“There is Meshech, Tubal, and all their multitude; their graves are round about them; all of them uncircumcised, slain by the sword; for they caused their terror in the land of the living. And they shall not lie with the mighty that are fallen of the uncircumcised, that are gone down to Sheol with their weapons of war, and have laid their swords under their heads, and their iniquities are upon their bones; for they were the terror of the mighty in the land of the living. But thou shalt be broken in the midst of the uncircumcised, and shalt lie with them that are slain by the sword”-vers. 26-28.

Meshech and Tubal, of whom we are to learn more later when we come to chapters 38 and 39, were the names of tribes that had descended from Japheth, as we learn in Genesis 10:0. According to the most ancient records that have come down to us, they dwelt in the region bordering on the Black Sea, and at one time evidently they were people of some renown, but their encampments had been destroyed, and the slain had gone down to Sheol with their weapons of war. They were buried with these weapons under their heads, as became mighty warriors. But all their might proved unavailing against the Babylonian armies. Those who escaped fled farther north, for later on we find them in history as a nomadic people dwelling north of the Black Sea, and ranging from there to the region of the Caspian Sea. Eventually they were absorbed into the great Russian empire. Some have thought even that the names Meshech and Tubal are practically preserved for us in the two great cities of Moscow in Europe, and Tobolsk in Siberia.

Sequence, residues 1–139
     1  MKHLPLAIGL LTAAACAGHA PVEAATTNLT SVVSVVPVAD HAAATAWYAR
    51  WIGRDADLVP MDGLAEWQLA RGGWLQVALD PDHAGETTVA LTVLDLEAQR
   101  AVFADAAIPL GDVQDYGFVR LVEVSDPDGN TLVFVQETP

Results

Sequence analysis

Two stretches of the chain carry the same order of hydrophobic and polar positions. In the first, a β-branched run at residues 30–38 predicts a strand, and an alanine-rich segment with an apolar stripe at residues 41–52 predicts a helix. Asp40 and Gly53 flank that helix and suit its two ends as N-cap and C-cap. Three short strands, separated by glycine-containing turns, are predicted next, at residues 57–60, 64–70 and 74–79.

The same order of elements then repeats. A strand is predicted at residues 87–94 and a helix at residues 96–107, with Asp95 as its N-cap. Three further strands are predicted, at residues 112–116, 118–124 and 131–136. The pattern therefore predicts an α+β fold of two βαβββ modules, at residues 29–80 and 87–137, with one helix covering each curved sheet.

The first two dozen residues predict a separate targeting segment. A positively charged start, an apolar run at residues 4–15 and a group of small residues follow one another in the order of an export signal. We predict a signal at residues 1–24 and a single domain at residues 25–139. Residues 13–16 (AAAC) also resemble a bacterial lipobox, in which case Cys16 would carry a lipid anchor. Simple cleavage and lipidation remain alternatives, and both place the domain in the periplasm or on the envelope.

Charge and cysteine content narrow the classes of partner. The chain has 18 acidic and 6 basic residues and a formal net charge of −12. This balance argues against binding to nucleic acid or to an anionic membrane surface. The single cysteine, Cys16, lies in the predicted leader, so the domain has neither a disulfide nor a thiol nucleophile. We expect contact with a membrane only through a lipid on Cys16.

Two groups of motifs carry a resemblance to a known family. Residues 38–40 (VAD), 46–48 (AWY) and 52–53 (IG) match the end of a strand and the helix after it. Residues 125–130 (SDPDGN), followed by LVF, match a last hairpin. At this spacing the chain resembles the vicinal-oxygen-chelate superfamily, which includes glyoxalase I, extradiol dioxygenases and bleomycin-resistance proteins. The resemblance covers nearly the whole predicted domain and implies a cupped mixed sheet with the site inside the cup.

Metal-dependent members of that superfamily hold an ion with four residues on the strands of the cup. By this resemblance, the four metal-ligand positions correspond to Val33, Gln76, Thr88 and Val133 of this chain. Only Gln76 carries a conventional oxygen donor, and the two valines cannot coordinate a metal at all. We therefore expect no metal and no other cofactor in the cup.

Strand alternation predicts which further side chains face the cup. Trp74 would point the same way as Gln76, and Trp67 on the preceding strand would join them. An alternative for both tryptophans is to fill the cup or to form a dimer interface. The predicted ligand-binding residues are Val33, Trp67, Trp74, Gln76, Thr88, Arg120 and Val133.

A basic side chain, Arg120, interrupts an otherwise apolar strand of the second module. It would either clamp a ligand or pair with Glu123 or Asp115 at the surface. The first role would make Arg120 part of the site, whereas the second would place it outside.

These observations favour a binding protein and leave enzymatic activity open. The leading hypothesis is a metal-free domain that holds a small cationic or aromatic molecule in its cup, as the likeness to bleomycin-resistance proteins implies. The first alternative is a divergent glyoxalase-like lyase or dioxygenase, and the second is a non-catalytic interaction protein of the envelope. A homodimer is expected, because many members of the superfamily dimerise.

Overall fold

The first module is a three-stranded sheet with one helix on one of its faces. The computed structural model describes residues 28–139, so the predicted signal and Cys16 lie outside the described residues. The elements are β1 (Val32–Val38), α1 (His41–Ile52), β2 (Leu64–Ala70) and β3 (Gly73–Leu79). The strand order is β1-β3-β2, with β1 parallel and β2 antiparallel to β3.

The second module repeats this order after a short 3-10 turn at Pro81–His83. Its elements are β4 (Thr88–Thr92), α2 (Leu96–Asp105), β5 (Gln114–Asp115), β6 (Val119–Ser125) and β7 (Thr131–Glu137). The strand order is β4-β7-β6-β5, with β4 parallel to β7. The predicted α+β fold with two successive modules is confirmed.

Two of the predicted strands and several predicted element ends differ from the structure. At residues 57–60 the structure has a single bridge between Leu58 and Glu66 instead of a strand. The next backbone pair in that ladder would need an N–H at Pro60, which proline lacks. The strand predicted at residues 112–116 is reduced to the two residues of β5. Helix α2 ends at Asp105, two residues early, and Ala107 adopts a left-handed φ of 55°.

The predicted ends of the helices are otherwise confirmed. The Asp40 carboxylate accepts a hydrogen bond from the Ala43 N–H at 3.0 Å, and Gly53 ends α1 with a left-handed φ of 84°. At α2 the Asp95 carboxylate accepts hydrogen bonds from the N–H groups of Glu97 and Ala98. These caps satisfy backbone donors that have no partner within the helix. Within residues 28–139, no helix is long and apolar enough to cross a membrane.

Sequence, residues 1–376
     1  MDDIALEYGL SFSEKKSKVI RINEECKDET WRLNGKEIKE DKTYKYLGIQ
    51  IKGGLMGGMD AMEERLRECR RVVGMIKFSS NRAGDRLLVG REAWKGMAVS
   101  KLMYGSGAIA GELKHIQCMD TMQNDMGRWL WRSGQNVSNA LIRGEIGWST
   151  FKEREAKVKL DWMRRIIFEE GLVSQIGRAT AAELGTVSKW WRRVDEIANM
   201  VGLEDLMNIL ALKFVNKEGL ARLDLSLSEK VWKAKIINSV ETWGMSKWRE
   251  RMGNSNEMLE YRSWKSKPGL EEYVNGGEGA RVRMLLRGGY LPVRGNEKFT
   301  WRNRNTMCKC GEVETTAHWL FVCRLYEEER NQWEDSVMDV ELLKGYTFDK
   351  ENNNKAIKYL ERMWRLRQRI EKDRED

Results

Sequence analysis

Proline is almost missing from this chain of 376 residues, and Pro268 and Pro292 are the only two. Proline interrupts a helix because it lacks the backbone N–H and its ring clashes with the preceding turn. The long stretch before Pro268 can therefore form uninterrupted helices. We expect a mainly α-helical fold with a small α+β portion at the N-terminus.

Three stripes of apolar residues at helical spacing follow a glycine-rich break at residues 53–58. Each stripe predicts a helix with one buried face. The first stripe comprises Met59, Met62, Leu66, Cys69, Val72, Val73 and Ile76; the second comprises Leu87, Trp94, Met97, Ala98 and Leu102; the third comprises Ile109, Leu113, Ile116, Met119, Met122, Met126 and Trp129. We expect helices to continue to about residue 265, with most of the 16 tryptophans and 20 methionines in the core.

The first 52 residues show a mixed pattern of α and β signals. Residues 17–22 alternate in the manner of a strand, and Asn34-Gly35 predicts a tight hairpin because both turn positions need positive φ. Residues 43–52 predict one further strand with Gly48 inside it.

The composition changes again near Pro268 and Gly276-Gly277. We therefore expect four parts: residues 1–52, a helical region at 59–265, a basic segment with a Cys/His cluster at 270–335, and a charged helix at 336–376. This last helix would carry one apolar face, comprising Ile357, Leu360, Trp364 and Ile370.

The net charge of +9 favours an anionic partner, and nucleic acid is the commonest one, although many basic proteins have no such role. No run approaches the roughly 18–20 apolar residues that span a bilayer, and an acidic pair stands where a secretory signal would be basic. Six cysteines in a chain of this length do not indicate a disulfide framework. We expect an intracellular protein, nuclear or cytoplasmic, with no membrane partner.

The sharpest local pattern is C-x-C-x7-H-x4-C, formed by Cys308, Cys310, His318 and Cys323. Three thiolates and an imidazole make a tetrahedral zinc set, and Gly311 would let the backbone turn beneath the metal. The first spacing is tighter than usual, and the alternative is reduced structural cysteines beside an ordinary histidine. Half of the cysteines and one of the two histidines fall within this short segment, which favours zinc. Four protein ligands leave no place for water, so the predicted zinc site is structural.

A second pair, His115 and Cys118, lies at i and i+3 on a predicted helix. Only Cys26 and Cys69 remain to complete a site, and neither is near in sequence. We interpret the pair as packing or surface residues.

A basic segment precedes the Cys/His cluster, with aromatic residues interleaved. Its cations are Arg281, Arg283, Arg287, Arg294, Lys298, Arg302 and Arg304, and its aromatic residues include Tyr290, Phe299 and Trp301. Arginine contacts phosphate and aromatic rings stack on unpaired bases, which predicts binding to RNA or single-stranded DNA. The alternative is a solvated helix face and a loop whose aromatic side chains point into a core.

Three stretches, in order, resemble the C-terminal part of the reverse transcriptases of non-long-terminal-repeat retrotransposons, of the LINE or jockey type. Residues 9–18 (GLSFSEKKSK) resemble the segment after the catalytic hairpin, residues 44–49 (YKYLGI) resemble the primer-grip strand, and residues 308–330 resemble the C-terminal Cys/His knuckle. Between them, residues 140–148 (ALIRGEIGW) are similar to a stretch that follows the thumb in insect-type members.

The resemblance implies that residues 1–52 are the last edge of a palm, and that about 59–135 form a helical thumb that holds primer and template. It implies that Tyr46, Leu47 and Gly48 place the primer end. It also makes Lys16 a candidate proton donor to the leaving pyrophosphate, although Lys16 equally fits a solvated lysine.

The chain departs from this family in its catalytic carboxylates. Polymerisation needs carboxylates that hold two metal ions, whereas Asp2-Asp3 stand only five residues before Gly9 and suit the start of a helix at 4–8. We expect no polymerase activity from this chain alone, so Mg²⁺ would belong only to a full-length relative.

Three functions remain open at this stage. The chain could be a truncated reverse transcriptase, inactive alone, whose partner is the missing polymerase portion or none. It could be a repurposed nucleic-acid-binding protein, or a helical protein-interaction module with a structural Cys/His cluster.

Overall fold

“There is Edom, her kings and all her princes, who in their might are laid with them that are slain by the sword: they shall lie with the uncircumcised, and with them that go down to the pit. There are the princes of the north, all of them, and all the Sidonians, who are gone down with the slain; in the terror which they caused by their might they are put to shame; and they lie uncircumcised with them that are slain by the sword, and bear their shame with them that go down to the pit”-vers. 29, 30.